Northern Ireland nurses strike over pay parity and staff shortages
Northern Ireland health workers’ unions have called off action that saw thousands of health care staff on strike for five days from January 10. Strikers included 9,000 Royal College of Nurses (RCN) members, on strike for the first time in their 103-year history.
Further walkouts were planned for next week. The action was called to protest the pay disparity with nurses on the UK mainland, as well as severe staff shortages resulting from the poor pay.
Health minister, Robin Swann, in the newly installed Stormont assembly, agreed to meet with union leaders to discuss closing the pay gap. Unison, Unite and the RCN, calling the talks “positive,” called off the action Thursday. The Northern Ireland Public Service Alliance has expressed concern at the amount of money pledged in the pay deal and has not called off its industrial action.
Strike threat by French ski resort staff
French ski resort staff in the Stalinist CGT union have given notice to strike beginning February 15. The action would coincide with the beginning of the French school holiday break, which sees a surge in ski resort bookings.
Seasonal workers such as ski resort staff are entitled to payments from the Pôle emploi to cover off-season periods when no work is available. The Macron government wants to change the way off-season payments are calculated. Seasonal workers say the changes will leave them worse off.
The ski workers will join the tens of thousands of French workers and yellow vest protesters demanding an end to President Macron’s attacks on pensions.
Strike by UK hospital security staff at London hospital
Security staff working for outsourced company Noonan at St George’s University Hospital Trust in southwest London began 15 days of strikes on Monday.
The United Voices of the World union members are seeking parity of working conditions with directly employed National Health Service staff, including being paid sick pay from day one rather than after three days. They also want 25-30 days leave rather than the current 20.
The hospital trust called the police to the picket line who arrested a UVW legal representative, but later let him go, having no legal basis to hold him.
Postal workers set to strike in Bootle, England
UK postal workers at the Bootle and Seaforth delivery depots on Merseyside are to strike on Saturday and the following Monday. The Communication Workers Union (CWU) members are taking action over the sacking of two colleagues for alleged gross misconduct stemming from a protest action last year.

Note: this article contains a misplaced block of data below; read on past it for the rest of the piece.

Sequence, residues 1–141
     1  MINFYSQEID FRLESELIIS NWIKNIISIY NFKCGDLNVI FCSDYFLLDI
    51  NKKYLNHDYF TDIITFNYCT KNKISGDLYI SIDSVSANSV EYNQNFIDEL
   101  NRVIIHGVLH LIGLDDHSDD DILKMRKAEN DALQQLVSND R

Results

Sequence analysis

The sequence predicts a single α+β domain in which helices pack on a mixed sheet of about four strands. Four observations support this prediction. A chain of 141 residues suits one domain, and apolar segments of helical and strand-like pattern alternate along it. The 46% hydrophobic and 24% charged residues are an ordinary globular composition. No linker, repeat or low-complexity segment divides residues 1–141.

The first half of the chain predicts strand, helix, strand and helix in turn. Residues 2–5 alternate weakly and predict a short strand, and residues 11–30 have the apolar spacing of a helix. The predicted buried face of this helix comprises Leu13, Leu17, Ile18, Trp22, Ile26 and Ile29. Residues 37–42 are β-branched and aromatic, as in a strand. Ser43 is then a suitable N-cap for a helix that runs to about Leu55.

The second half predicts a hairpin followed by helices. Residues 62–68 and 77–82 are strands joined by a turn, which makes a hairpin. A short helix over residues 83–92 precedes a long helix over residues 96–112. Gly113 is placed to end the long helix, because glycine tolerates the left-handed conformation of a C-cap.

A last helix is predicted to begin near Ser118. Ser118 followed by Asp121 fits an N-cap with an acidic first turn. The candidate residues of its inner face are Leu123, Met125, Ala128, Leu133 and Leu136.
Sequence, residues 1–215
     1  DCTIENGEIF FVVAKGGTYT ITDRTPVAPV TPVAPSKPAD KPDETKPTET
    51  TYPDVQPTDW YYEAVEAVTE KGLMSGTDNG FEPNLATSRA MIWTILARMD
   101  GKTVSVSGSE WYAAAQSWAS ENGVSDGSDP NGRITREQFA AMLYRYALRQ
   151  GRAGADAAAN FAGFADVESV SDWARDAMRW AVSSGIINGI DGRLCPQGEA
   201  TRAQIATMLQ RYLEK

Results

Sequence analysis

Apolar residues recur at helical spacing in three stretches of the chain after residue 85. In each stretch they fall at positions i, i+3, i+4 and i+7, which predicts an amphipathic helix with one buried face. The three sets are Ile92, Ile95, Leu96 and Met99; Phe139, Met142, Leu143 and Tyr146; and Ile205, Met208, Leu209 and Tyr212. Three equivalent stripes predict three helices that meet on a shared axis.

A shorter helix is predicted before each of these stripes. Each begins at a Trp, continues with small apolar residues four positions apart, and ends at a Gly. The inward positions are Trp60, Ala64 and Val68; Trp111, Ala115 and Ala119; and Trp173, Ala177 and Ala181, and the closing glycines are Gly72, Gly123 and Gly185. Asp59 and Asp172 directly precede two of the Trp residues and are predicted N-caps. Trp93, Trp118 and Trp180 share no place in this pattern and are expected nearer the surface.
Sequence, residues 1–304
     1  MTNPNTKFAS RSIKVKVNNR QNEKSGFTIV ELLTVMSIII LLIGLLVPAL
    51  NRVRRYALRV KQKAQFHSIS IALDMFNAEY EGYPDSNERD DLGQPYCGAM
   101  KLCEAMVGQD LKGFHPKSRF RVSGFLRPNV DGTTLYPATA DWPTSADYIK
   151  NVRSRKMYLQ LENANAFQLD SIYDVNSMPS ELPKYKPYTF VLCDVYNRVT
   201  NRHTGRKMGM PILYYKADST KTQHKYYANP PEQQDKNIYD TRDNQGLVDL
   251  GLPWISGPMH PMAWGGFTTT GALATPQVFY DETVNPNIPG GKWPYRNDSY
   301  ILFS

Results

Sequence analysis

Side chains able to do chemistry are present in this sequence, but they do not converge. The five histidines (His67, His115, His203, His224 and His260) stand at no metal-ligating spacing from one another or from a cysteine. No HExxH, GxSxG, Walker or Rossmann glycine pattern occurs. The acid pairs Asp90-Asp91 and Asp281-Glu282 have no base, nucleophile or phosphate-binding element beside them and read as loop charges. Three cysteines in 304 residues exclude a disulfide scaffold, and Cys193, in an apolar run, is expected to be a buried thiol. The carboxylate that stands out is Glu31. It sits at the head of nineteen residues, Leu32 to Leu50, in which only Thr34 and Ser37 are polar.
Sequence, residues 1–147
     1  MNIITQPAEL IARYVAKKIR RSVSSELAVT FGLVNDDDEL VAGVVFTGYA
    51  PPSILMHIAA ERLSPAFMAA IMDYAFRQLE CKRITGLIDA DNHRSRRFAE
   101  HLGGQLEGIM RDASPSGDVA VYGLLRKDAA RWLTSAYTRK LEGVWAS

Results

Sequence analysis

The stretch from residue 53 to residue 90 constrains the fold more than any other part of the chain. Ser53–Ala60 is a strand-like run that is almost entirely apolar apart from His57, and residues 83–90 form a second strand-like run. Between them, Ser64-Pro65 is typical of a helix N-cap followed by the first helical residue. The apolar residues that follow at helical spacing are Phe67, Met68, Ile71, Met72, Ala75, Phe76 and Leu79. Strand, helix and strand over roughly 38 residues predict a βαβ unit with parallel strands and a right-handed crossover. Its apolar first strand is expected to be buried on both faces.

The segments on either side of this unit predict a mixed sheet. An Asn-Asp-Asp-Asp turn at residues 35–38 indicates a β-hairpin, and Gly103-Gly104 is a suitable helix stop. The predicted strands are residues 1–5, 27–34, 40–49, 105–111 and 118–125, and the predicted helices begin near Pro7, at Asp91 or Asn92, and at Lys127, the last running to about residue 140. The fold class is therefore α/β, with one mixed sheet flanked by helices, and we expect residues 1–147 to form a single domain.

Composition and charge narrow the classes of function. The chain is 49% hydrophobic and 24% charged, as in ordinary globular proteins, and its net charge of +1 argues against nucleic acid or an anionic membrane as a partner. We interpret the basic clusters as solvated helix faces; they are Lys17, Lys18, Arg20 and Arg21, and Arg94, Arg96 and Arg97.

The staff were sacked following unofficial action at the Bootle depot in October last after a manager allegedly made racist remarks towards a Muslim worker. Other staff are facing disciplinary action over the incident.
In October, 110,000 CWU members voted by a 97 percent majority on a 76 percent turnout to mobilise against attacks by the Royal Mail Group on their job security, terms and conditions. The CWU capitulated when the High Court ruled the strike illegal, in an attack on democratic rights.
Strike threat by Finnish technology workers
Technology workers in Finnish firms such as Nokia, are threatening a two-week stoppage from January 27. The PRO trade union members are demanding a pay rise. The PRO represents around 120,000 white collar/managerial staff.
Talks between PRO and employer representatives broke down when the employers insisted workers carry out unpaid overtime when necessary. Ahead of the strike threat, workers are operating an overtime ban and refusing to swap shifts.
The PRO leadership said it is willing to resume talks to avert strike action.
Italy: Alitalia air traffic control and airline staff walk out
Tuesday air traffic control and staff at the Italian airline Alitalia held a four-hour strike beginning at 1pm January 14. Originally planned as a 24-hour strike, it was reduced to four hours after the intervention of the Italian government. Alitalia cancelled around 140 flights.
The Federation of Transport Workers members walked out because of disputes between the publicly owned air traffic control provider, ENAV, and private airline carriers Air Italy, EasyJet and Alitalia. The dispute has led to the companies failing to keep to nationally agreed bargaining contracts.
Union spokesman, Fabrizio Cuscito, reported on the Chinese news website Xinhuanet: “We need a reform of the rules for competition between companies and we need specific regulations against failure to apply the national collective bargaining contract.”
Road hauliers in Slovakia walk out
Road hauliers in Slovakia began strike action January 7, parking up their trucks on major roads in towns and cities throughout the country.
Members of the Union of Slovakia’s Road Hauliers’ are demanding a halving of the amount they pay in road tax and for the current toll system to be suspended, pending its takeover by a different company.
On Monday, the hauliers targeted freight traffic leaving and entering the country at border crossing points. Later that day they suspended their action after the Slovak prime minister, Peter Pellegrini, promised meaningful talks if the action ended.
Strike threat by nurses in Algarve region of Portugal
Nurses in the Algarve region of Portugal have threatened a stoppage on January 24, with further possible strikes in February. The Portuguese Nurses Union (SEP) members are demanding their employer, the Regional Health Administration (ARS) commit to promises made over career advancement and related pay increases.
In September, the ARS promised to address the question of promotion, but the nurses say career progression is frozen. An SEP spokesperson stated that currently there are nurses in employment who have worked 18 years with no progression.
The strike will hit the three hospitals and numerous health centres in the Algarve.
In January last year, nurses across Portugal took part in four-day rolling strikes for increased pay and enhanced conditions. It was part of a drive by Portuguese workers for improved pay and conditions.
Week of protests in Lebanon
Workers across Lebanon came out on the streets Tuesday declaring a “week of anger.” They were protesting government corruption, the ongoing economic crises and political paralysis.
The action included the blocking of roads and pickets outside banks and government departments.
The protests come three months after similar protests last October.
Zimbabwe workers refuse derisory pay offer as hospital strike continues and teachers plan walkout